Bird flu identified in US livestock for first time

By Staff
3 Min Read

Dive Brief:

  • A goat on a Minnesota farm tested positive for highly pathogenic avian influenza this week, the first confirmed instance of bird flu in U.S. livestock.
  • The juvenile goat resided on a farm with a backyard poultry flock that was culled after the deadly virus was detected in February, according to the Minnesota Board of Animal Health. The goat had access to the same space as the birds, including a shared water source.
  • Minnesota is working with the U.S. Department of Agriculture to investigate the transmission. The detection “highlights the possibility of the virus infecting other animals on farms with multiple species,” State Veterinarian Dr. Brian Hoefs said in a statement.

Dive Insight:

While avian influenza has been detected in mammals, it typically spreads to animals that eat infected birds or poultry. The identification of the virus in a goat is the first time bird flu has been found in a U.S. domestic ruminant, which also includes cattle, sheep and their relatives.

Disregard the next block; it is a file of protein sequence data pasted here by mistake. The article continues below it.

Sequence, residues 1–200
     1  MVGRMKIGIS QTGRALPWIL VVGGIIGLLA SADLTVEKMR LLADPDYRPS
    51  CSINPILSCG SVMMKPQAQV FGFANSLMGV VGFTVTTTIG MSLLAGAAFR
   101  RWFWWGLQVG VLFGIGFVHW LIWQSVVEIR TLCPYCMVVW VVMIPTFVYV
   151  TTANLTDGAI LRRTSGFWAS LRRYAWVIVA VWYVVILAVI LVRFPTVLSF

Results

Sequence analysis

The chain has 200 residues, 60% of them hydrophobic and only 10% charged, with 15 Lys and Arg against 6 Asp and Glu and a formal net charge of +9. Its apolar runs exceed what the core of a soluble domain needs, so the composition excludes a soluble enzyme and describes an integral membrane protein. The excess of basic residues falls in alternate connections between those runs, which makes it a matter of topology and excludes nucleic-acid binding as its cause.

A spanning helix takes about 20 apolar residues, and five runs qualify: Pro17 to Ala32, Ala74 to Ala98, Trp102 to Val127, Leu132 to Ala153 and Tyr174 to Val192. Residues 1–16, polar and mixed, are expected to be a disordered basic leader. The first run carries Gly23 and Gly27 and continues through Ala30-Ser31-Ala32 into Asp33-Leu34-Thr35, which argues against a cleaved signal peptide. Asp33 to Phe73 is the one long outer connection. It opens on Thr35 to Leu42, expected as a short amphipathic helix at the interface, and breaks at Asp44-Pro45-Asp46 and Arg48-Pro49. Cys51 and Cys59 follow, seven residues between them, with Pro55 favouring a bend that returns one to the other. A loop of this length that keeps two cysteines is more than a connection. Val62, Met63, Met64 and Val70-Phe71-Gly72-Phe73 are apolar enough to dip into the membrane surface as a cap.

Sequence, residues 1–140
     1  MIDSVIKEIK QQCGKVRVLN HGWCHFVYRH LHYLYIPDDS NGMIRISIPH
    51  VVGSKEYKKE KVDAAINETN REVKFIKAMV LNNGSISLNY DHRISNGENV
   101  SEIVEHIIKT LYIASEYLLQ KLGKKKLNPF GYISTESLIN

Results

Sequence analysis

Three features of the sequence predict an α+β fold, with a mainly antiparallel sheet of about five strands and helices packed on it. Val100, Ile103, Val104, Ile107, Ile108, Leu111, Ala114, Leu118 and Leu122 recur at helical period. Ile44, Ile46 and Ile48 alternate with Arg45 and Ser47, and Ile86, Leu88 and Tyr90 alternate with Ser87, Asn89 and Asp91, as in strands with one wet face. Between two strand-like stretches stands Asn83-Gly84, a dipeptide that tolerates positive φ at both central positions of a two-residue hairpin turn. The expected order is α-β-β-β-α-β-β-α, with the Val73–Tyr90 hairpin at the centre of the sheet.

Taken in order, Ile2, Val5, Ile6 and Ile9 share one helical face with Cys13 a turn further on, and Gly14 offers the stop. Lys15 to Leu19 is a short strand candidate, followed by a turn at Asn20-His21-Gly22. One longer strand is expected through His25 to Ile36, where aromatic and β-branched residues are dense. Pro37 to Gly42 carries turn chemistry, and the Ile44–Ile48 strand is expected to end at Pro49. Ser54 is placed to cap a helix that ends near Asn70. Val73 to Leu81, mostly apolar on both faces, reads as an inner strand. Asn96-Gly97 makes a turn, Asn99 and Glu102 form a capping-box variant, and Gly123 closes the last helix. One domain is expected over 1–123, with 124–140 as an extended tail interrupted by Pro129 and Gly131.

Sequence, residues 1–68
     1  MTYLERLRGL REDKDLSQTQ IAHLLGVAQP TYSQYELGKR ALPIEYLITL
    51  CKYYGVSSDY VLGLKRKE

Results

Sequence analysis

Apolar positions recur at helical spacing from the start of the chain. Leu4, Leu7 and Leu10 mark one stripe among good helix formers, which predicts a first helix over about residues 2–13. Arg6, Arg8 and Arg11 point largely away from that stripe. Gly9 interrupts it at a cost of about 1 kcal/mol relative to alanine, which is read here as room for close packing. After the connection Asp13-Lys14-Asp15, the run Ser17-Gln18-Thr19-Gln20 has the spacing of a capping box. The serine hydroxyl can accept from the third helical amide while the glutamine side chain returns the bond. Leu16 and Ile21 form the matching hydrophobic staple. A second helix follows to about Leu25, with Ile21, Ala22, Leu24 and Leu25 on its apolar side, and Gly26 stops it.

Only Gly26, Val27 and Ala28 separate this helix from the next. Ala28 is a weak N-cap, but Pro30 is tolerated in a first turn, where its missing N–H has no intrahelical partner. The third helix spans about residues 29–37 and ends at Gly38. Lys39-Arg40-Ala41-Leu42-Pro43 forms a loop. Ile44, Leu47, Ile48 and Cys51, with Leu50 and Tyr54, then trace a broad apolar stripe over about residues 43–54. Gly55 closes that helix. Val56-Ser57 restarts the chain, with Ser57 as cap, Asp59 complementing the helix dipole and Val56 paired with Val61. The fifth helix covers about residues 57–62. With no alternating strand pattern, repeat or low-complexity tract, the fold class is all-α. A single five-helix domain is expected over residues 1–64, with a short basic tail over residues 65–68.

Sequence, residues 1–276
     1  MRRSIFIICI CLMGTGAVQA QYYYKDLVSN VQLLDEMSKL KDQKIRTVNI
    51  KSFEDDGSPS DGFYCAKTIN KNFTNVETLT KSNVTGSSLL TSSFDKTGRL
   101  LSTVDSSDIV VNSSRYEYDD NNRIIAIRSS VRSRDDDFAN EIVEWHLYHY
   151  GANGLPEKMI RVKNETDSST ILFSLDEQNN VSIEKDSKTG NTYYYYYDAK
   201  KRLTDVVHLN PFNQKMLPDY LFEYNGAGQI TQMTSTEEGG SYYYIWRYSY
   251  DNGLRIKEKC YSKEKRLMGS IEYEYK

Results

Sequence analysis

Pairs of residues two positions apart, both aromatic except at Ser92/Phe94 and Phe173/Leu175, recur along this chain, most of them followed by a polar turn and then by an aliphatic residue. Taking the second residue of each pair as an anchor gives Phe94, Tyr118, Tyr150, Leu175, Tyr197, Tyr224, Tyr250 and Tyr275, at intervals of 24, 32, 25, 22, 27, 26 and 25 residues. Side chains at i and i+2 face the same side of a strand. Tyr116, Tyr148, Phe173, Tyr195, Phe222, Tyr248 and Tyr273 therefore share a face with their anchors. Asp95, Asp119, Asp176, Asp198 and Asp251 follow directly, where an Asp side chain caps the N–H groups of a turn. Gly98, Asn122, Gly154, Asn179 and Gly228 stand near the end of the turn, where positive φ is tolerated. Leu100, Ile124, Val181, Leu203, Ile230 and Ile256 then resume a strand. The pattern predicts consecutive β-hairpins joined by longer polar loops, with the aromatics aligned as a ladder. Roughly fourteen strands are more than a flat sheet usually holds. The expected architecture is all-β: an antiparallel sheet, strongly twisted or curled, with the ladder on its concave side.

There is limited experimental data on HPAI infection in ruminants, and there are no prior reports of natural infection in goats. While there seems to be a lower risk of the virus infecting entire herds of cattle or goats at this time, the finding could push farms with multiple types of animals to take enhanced biosecurity measures.

“Thankfully, research to-date has shown mammals appear to be dead-end hosts, which means they’re unlikely to spread HPAI further,” Hoefs said.

The case was identified after the owner notified state officials of the unusual deaths of newly kidded goats on the property where avian influenza was previously identified in a poultry flock. One of the goat carcasses tested positive for H5N1 HPAI, the same virus that has devastated wild and commercial bird populations since the outbreak began in 2022.

Animals with weakened or immature immune systems are more susceptible to contracting the disease. Samples from the adult goats were negative for bird flu, and no more sick goat kids were reported since March 11.

Since the start of the outbreak, over 82 million birds have died or been killed to prevent further spread. More than 470 farms have been impacted, and the spread has also led to an increase in consumer egg prices, with costs rising 8.4% for shoppers from January to February 2024.

Share This Article
Leave a comment

Leave a Reply

Your email address will not be published. Required fields are marked *